There are a couple of reasons to have a removable tongue jack handle. One is to get rid of interference between the jack handle and a truck tailgate. Two, is to allow the use of a drill to operate the jack. I've done this before and I'm not a fan of doing this. If an ordinary, non-impact, drill is used it can just about break your wrist.
An impact drill will save your wrists but I hate the noise, disturbing others, and it's pretty hard on the mechanism.
Access to the internals is very easy. Removing the handle requires punching out the pin. Just because it has a circlip on it doesn't mean that it'll fall out when the clip is removed. It's a friction fit and must be punched out.
Fortunately, for a couple of reasons, the shaft is 1/2" in diameter. A 1/2" x 5" bolt works well as the new shaft. Also fortunately, the head of a 1/2" bolt is a 3/4" hex. So if a drill is used on the stabilizers for fast up and down the same socket can be used for them and the tongue jack. I don't mind using the non-impact drill, which is quiet, for the major moving of the stabilizers and just use the manual crank for the final, under load, adjustments.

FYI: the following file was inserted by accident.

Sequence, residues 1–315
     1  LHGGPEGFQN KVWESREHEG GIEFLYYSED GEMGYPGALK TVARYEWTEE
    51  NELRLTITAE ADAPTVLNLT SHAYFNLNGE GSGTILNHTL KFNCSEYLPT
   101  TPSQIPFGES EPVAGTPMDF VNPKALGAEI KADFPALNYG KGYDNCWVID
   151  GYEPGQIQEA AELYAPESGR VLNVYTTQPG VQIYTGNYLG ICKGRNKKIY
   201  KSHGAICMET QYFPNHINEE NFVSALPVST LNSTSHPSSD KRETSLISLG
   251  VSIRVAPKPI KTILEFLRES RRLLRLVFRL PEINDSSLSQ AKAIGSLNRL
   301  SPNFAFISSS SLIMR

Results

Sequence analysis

You might notice that the hex head isn't right up close to the front of the housing. This is deliberate and allows the socket to fully seat on the hex.
I welded an old Craftsman socket to a piece of 3/16" x 1" flat iron. The length is the same as the original handle. But it could making cranking easier by being a couple of inches longer.
I made my handle on my metal lathe. Pretty crude but it does the job. If I didn't have the lathe I would have probably looked for a short length of fat dowel.
As is for most of my projects, zero cost, made from "junk" that I had on hand.